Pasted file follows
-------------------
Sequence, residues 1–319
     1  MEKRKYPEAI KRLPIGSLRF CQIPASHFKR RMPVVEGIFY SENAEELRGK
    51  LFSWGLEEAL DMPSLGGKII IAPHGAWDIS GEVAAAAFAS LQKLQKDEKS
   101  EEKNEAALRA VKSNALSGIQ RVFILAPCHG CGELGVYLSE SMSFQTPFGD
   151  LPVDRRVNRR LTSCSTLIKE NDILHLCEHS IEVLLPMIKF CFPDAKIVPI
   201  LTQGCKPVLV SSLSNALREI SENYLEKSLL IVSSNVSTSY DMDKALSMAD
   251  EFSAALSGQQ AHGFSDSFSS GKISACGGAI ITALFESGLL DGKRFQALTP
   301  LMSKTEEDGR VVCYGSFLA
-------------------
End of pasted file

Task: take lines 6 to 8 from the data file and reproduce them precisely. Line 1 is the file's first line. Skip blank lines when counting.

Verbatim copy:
   201  LTQGCKPVLV SSLSNALREI SENYLEKSLL IVSSNVSTSY DMDKALSMAD
   251  EFSAALSGQQ AHGFSDSFSS GKISACGGAI ITALFESGLL DGKRFQALTP
   301  LMSKTEEDGR VVCYGSFLA